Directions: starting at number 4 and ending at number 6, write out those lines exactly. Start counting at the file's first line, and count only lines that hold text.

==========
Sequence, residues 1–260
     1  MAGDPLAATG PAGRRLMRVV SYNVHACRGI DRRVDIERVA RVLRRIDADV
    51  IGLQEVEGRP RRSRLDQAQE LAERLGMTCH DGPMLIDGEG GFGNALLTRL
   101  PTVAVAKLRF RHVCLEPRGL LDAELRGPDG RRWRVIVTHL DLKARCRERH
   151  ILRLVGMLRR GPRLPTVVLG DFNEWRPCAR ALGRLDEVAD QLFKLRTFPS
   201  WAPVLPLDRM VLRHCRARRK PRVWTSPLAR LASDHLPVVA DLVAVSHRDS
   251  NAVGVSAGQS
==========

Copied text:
   101  PTVAVAKLRF RHVCLEPRGL LDAELRGPDG RRWRVIVTHL DLKARCRERH
   151  ILRLVGMLRR GPRLPTVVLG DFNEWRPCAR ALGRLDEVAD QLFKLRTFPS
   201  WAPVLPLDRM VLRHCRARRK PRVWTSPLAR LASDHLPVVA DLVAVSHRDS